Why You Never See Your Friends Anymore
Really great article on work and how “our unpredictable and overburdened schedules” are affecting us.
I know this dates me, but I’m nostalgic for that atmosphere of repose—the extended family dinners, the spontaneous outings, the neighborly visits. We haven’t completely lost these shared hours, of course. Time-use studies show that weekends continue to allow more socializing, civic activity, and religious worship than weekdays do. But Sundays are no longer a day of forced noncommerce—everything’s open—or nonproductivity. Even if you aren’t asked to pull a weekend shift, work intrudes upon those once-sacred hours. The previous week’s unfinished business beckons when you open your laptop; urgent emails from a colleague await you in your inbox. A low-level sense of guilt attaches to those stretches of time not spent working.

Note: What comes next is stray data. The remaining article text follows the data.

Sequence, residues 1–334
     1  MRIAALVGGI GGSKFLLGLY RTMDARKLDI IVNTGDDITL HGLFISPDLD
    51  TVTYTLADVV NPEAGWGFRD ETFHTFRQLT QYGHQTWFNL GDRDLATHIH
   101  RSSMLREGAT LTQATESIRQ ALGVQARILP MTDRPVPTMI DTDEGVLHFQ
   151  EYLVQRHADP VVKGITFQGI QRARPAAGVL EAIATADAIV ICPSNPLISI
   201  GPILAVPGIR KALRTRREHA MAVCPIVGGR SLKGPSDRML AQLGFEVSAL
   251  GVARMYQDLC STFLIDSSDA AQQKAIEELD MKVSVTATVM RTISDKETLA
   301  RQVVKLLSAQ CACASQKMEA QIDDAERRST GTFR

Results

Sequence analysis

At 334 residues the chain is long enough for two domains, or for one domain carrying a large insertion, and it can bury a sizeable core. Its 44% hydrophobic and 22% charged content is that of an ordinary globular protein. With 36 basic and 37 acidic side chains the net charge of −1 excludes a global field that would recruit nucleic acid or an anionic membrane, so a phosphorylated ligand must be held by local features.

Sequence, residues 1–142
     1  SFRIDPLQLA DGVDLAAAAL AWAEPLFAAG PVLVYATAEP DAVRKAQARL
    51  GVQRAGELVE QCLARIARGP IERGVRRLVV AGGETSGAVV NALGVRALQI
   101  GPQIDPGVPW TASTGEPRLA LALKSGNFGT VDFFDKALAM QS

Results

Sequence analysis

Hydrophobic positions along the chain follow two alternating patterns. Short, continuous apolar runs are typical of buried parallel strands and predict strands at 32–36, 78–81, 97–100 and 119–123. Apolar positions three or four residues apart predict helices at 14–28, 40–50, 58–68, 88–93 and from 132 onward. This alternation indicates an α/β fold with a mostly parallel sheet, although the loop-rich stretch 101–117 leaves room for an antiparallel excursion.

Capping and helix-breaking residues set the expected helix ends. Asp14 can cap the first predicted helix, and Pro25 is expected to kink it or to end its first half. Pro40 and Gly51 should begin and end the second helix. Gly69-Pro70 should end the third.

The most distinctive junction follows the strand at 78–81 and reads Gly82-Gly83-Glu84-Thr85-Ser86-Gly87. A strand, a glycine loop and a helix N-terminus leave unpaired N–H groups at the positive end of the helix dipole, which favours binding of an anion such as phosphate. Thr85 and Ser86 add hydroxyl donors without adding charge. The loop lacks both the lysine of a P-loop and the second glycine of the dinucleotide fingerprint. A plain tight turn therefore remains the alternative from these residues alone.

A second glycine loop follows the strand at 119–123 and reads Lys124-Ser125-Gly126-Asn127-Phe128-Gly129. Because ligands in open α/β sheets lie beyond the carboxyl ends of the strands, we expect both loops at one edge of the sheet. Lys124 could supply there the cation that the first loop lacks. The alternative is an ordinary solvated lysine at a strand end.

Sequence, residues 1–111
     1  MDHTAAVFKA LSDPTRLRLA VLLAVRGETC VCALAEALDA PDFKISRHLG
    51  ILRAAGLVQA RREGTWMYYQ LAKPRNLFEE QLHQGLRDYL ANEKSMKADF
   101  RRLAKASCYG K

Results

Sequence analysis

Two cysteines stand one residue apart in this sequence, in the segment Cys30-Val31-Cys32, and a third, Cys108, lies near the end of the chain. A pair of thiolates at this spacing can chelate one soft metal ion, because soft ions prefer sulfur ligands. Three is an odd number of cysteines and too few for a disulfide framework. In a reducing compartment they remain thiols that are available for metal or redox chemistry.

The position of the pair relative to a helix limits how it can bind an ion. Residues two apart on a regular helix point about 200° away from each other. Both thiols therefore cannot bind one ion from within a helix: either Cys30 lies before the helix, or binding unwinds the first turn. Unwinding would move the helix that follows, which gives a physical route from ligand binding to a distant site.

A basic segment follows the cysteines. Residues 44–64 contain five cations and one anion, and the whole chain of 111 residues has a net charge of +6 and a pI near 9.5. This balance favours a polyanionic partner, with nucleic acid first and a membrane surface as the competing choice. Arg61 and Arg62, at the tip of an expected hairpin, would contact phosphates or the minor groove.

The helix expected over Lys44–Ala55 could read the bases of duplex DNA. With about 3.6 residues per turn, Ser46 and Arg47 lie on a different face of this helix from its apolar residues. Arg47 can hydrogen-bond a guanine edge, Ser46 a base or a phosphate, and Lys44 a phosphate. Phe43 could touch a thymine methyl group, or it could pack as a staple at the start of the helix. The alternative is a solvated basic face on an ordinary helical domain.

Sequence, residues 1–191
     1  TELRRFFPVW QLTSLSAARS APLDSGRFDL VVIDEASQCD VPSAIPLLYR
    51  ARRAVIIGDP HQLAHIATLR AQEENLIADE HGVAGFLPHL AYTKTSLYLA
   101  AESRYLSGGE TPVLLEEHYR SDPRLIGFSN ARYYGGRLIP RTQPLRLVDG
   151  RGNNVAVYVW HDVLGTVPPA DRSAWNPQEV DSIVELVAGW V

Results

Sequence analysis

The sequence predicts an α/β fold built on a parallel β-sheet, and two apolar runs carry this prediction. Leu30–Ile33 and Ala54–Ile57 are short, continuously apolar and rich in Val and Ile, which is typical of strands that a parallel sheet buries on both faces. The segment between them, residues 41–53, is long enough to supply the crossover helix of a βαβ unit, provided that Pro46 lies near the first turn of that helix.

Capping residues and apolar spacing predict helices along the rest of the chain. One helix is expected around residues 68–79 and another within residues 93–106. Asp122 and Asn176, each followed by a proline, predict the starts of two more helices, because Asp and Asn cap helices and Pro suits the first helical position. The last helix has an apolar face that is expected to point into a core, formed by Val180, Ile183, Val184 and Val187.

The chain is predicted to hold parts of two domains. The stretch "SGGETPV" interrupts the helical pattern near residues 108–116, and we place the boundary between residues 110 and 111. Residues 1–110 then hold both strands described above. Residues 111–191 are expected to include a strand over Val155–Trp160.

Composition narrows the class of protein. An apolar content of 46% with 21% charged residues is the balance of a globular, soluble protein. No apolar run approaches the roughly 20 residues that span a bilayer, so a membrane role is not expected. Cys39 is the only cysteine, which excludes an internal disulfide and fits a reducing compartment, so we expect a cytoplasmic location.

As for the children, they’re not off building forts; they’re padding their college applications with extracurricular activities or playing organized sports. A soccer game ought to impose an ethos of not working on a parent, and offer a chance to chat with neighbors and friends. Lately, however, I’ve been seeing more adults checking their email on the sidelines.
Click here for the entire article.